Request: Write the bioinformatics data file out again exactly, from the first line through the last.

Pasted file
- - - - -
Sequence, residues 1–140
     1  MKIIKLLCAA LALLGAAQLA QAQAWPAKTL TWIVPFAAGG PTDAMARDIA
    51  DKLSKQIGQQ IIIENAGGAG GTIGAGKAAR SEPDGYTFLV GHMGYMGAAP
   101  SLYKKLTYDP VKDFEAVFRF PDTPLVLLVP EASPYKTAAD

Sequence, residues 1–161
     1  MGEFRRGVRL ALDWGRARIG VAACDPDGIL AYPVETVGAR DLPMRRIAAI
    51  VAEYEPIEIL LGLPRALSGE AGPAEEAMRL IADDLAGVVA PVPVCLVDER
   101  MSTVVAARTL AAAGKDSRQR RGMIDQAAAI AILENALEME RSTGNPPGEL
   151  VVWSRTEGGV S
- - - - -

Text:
Sequence, residues 1–140
     1  MKIIKLLCAA LALLGAAQLA QAQAWPAKTL TWIVPFAAGG PTDAMARDIA
    51  DKLSKQIGQQ IIIENAGGAG GTIGAGKAAR SEPDGYTFLV GHMGYMGAAP
   101  SLYKKLTYDP VKDFEAVFRF PDTPLVLLVP EASPYKTAAD

Sequence, residues 1–161
     1  MGEFRRGVRL ALDWGRARIG VAACDPDGIL AYPVETVGAR DLPMRRIAAI
    51  VAEYEPIEIL LGLPRALSGE AGPAEEAMRL IADDLAGVVA PVPVCLVDER
   101  MSTVVAARTL AAAGKDSRQR RGMIDQAAAI AILENALEME RSTGNPPGEL
   151  VVWSRTEGGV S